But, you know, I’m nowhere near the music freak that I used to be. Haven’t been for the last 10 or more years. I still go to clubs and auditoriums to catch concerts, but only one fourth as often as in my youthful prime. And at home, where once I played albums and CDs to death, listening to them and radio stations with the laserlike intensity of a neurosurgeon, I now half-listen more often than not, usually not reaching even that degree of concentration.

Yup, it took nearly forever to happen, but my obsession with music, drawing inspiration from my hairline, has been receding fast. Hell, keeping up that relentless pace began to seem nutty. “There’s more to life than music,” I must have said to myself at some point. “You need to find new hobbies, pal, like giving nifty new names each week to your pet hamsters and gerbils. Or organizing the garments in your closets and drawers alphabetically by brand name.”

Yet, despite my slackened involvement chez moi and at music venues, there’s still one place where I really love to listen to tunes, lapping them up greedily, paying attention to the lyrics of those with lyrics, and grooving like a hippie in training: In my car, almost needless to say. Maybe it has something to do with the sound waves bouncing around gleefully in a small, enclosed space. Or the distraction that songs provide from the stop-and-go misery that 90% of my driving entails. Whatever, good songs in my car raise my spirits rocket-quick.

And here’s another part of the reason why: My car is equipped with SiriusXM satellite radio, which I adore. So many channels, so many musical genres. When I climb in the car I can barely wait to start tapping the radio’s touchscreen buttons. And very often my destination is channel number 30, The Loft, where anything goes, though the concentration is on singer-songwriter and rock music veins.

It’s not as though I smile and clap at everything The Loft plays, however. Hardly. Lots of times I’m not impressed, and so begin racing madly from one channel to another in search of a tune or artist that I can relate to. But often there are occasions when The Loft, or another spot on the Sirius dial, seems to be reading my mind and my inner needs, sending out songs that caress me just right.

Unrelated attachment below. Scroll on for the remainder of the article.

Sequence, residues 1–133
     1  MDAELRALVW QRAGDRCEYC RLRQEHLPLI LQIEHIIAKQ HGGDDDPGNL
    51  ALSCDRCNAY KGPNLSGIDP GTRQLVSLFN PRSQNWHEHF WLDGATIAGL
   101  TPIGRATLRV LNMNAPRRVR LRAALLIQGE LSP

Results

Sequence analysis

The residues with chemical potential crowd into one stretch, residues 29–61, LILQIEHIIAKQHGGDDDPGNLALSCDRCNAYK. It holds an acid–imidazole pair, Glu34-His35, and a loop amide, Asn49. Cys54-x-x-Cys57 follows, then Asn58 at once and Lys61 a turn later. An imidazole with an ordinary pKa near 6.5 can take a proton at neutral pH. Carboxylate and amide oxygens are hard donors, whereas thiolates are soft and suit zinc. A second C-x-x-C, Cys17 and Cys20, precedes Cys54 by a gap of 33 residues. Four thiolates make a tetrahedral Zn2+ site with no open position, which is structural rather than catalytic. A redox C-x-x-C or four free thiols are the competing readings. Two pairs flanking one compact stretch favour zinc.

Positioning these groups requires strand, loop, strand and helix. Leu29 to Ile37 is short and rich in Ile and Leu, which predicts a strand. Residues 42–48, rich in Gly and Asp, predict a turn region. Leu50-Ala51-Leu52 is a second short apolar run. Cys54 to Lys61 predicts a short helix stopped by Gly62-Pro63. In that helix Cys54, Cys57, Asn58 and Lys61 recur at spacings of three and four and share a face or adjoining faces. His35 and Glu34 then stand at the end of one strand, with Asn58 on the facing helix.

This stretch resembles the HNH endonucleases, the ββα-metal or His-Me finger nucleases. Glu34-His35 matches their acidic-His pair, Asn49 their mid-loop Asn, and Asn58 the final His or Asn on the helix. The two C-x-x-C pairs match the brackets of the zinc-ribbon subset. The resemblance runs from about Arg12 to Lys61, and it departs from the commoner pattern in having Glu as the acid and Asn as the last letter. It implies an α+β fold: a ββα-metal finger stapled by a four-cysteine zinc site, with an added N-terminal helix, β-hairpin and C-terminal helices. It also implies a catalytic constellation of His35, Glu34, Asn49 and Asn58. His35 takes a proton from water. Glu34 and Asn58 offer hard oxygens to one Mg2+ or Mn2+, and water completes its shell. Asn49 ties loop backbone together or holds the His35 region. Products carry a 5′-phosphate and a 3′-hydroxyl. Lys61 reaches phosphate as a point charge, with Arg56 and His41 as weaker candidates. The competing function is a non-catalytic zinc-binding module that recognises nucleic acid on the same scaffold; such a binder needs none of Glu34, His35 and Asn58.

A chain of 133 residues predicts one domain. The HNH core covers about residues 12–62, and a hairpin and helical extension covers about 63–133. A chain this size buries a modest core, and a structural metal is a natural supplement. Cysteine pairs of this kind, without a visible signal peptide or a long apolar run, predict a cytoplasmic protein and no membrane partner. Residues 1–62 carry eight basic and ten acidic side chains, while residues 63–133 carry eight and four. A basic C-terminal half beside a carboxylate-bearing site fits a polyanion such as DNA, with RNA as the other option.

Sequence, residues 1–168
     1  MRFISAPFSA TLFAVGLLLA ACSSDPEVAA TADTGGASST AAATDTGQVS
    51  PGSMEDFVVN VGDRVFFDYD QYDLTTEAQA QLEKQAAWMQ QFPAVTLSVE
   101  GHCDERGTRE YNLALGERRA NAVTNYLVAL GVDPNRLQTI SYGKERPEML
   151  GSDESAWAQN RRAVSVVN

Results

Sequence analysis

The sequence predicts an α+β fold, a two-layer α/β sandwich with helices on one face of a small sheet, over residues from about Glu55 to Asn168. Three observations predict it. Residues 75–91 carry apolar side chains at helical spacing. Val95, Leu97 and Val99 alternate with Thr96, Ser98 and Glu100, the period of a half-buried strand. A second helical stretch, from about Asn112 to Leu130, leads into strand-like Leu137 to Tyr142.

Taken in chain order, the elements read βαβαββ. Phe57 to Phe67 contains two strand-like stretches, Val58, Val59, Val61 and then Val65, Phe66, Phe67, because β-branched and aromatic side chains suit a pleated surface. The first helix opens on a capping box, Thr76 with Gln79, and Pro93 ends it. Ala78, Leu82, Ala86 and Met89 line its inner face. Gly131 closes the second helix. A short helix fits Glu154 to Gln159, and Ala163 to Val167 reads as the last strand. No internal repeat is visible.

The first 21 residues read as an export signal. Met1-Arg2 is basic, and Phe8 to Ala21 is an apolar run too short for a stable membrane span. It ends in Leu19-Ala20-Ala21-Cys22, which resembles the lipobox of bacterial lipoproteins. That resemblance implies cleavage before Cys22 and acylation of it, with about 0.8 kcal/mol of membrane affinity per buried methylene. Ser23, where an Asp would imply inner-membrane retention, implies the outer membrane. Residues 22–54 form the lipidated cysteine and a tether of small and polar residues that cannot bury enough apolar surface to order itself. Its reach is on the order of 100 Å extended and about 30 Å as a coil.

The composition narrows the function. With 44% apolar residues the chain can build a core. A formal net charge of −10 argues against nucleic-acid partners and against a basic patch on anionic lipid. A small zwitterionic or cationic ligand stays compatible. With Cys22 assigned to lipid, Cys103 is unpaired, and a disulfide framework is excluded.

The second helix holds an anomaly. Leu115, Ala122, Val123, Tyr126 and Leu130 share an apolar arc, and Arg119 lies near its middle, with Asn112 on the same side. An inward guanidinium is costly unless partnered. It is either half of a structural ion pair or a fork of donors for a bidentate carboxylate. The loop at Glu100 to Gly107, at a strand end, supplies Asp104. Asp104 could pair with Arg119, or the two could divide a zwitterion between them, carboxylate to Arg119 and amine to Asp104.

img_1348img_1354That’s what happened on Wednesday morning of last week when out I headed on what would prove to be a slow, slow journey. As seemingly always, I got caught by the red of the first traffic light I reached when attempting to exit my neighborhood, unable to make my desired right turn because of the non-turning hunk of junk in front of me. At last the light flipped colors. I made the right and then crawled 200 feet to where all traffic was stopped due to the gates being down at the local railroad tracks. It figured. Choo choo, motherf***er! But what did I care? For I was listening to The Loft, and by the time I reached my destination, a supermarket half a mile from my house, I’d heard two songs, back to back, that sent me aloft: Elliott Smith’s I Figured You Out and Late by Ben Folds. And half an hour later, on my way back home from the store, The Loft played another fine tune, Kyle Morton’s Survivalist Fantasy. I’d hit the trifecta!

What I liked about the three songs, beyond the way they made me go all mushy inside, is that I’d never heard them before. I’m always on the prowl for new goods. I Figured You Out, which Smith wrote years ago for Mary Lou Lord, who recorded it for one of her albums, is a knowing look at a broken relationship sung from the female’s perspective. Smith, an acclaimed singer-songwriter, never included I Figured You Out on any of his own albums. What I heard on The Loft is Smith’s original demo of the song. It was unearthed and released recently. The relaxed pace, Smith’s typically hushed voice, and more than anything the chiming melody really got to me. It’s one of those songs that can get stuck in your head. Very sadly there probably isn’t much more unreleased Smith material in the vaults. The poor guy left us in 2000, likely a suicide. The coroner, though, wasn’t fully able to confirm the cause of death.

Ben Folds, like Elliott Smith a singer-songwriter, never has been one of my favorites. His voice strikes me as vanilla, and his piano playing, loaded with loud, broad chords, seems scripted. Who knows, then, why I took to Late. I liked the melody, that’s for sure, and Folds’ loud, broad piano chords rubbed me the right way for a change. And I dug the lyrics, which flowed like the sentences of a good short story. Two days later, doing a few smidgeons of research for this article, I found out that Folds and Smith had been buddies and that Late is Folds’ tribute to his friend. Leave it to The Loft’s crack curators to know about the Smith/Folds friendship and to follow an obscure Smith tune with an homage.

Batting third in the lineup is Kyle Morton. He’s one of the multitudes of musicians who entered the marketplace within the past 20 years about whom I know next to nothing. But a few days ago I learned a few things. Morton’s main claim to fame is as lead singer of the indie tock band Typhoon, and Survivalist Fantasy comes from his brand new, and first, solo album What Will Destroy You. Also, he has suffered from Lyme disease since childhood. His physical woes have colored many of the songs he writes with a dark tint. But, like just about every other songwriter, he can’t ignore love. Survivalist Fantasy is a quietly lilting and beckoning track about love in the ruins.

Parking in front of my house I hauled the grocery bags out of the car. An obvious point had been made. Namely, this is a great time to be alive when it comes to music. Most of the worthy stuff from the past is available to hear, and the avalanches of good, new material are unending. Praise the musical gods,  whose prime mission is to oversee the soothing of the savage human soul.